The announcers just said that FAU has had eight different offensive line starting combinations, including nine different individual starters. This is the sort of stat you hear in a game like this. On cue, a giant run from FAU gets called back for a hold. FAU converts the 3rd and 11 anyway, and then Driskel, who is back running the show, hits a long back shoulder pass down to the 1. FAU tailback Devin Singletary punches it in and we’ve got a tie game. Rice 7, FAU 7
For the second drive in a row, FAU sacks Stehling on third down to force a three-and-out. Rice again commits a special teams penalty, with one of their gunners drilling the FAU returner before he catches the ball. Florida Atlantic marches downfield in three plays to take the lead, with Driskel hitting John Mitchell on a 33-yard wheel route for the touchdown. FAU 14, Rice 7. The teams each punt once more to end the quarter.
Rice runs twice, setting up a 3rd and 7 where Stehling takes a sack. That would be the fourth consecutive three-and-out ending in a sack if Stehling hadn’t barely made it back to the line of scrimmage the drive before. Florida Atlantic marches downfield, but receiver Nate Terry can’t haul in a would-be touchdown – it was possibly deflected – and kicker Greg Joseph misses a 32-yard field goal. Rice finally puts together a successful drive, keyed by a 14-yard draw play on 3rd-and-10 followed by a pair of 20-yard play-action passes. They cap off the drive with a jet sweep to return specialist Nahshon Ellerbe, who reaches the end zone after a cut block by running back Jowan Davis clears the way. Rice 14, FAU 14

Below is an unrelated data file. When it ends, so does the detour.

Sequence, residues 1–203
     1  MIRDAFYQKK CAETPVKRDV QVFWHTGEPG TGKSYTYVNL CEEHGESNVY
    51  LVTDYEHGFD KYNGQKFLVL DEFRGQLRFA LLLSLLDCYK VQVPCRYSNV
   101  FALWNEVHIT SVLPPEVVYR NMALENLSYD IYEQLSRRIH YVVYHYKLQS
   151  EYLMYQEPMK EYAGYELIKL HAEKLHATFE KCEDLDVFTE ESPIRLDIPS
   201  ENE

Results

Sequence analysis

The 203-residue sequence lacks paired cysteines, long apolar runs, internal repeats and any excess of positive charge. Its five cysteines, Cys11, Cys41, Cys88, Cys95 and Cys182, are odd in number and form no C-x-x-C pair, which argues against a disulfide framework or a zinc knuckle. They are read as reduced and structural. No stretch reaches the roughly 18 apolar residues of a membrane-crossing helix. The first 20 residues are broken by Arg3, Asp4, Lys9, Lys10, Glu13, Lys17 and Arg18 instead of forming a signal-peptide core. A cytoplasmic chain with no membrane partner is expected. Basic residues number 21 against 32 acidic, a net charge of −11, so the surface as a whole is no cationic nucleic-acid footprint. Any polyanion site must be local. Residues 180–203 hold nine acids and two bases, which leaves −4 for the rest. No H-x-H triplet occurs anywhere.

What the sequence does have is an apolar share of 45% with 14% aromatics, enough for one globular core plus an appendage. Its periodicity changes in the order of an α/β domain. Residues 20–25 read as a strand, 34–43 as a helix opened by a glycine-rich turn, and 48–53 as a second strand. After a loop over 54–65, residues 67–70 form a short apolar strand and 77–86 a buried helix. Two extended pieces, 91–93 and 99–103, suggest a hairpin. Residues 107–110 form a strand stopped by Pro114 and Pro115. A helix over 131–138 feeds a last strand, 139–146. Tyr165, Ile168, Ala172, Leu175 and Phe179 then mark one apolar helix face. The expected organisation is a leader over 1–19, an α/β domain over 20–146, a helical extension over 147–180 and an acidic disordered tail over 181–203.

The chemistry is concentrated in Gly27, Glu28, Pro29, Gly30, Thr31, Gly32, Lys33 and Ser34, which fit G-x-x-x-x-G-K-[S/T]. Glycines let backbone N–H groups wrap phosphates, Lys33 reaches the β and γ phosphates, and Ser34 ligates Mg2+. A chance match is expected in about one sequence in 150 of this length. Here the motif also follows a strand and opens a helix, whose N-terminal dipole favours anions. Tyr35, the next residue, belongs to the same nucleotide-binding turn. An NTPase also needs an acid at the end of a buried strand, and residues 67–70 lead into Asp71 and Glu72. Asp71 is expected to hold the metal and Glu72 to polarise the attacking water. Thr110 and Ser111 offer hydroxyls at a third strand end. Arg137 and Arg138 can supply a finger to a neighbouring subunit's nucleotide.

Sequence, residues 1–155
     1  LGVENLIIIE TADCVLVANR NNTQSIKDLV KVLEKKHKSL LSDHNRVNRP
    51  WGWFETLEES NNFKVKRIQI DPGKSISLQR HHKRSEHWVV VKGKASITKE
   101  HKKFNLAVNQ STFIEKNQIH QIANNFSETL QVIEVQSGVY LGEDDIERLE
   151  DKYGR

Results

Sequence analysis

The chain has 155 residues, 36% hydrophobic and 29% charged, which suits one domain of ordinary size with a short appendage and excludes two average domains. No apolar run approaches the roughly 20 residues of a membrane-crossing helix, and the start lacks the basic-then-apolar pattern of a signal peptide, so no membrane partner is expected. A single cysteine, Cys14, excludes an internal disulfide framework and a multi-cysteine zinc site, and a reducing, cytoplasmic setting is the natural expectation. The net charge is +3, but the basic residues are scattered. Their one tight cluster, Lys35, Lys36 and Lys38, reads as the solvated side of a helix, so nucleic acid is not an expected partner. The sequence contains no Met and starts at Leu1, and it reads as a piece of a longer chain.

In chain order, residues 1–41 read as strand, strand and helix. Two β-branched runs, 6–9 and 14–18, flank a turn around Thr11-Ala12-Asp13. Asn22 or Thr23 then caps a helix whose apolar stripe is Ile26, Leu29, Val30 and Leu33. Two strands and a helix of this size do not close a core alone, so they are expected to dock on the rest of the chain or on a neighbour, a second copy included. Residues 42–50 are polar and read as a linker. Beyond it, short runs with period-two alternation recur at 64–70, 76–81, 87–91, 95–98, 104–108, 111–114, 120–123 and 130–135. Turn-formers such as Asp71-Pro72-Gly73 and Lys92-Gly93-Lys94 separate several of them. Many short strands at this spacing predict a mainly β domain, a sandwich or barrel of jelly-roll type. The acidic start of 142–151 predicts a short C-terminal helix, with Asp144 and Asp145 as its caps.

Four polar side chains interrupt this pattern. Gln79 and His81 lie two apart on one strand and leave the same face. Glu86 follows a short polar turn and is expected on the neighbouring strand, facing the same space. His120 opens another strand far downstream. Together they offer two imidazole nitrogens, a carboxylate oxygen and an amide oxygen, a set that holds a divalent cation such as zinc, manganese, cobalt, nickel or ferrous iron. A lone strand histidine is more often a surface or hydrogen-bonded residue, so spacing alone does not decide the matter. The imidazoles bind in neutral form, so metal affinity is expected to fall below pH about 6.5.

I learned something about Rice on that drive. It wasn’t a lesson about character or determination or anything, but just a factoid that guard Cory Klingler is the nephew of University of Houston standout / NFL draft bust David Klingler.
WatchESPN crashed again at this point, but it returned just in time to see Singletary run for 40 yards. The drive stalls out there, and Joseph’s long field goal attempt bounces off the crossbar. You don’t see that every day. Stehling takes his fifth sack of the game on 3rd and 14 and Rice punts again. FAU drives 67 yards in six plays, capping things off with Singletary’s second TD run. FAU 21, Rice 14
Coolest play of the game alert: After a productive Rice drive stalls out on the FAU 40, Rice coach David Bailiff sends out the field goal team. But Rice kicker Haden Tobola takes the snap and quick kicks, pinning FAU at their own 2. Fake the field goal and punt it instead? Awesome.
Well, maybe not that awesome. FAU marches 98 yards in 12 plays, even with a long run called back for an offensive hold, taking a two score lead after backup running back Gregory Howell, Jr. punches it in from a yard out. FAU 28, Rice 14
Rice bounces back with a huge 37-yard connection between Stehling and Temi Alaka, but the drive peters out after Ellerbe loses yards on a wildcat run. Tobola kicks the field goal. FAU 28, Rice 17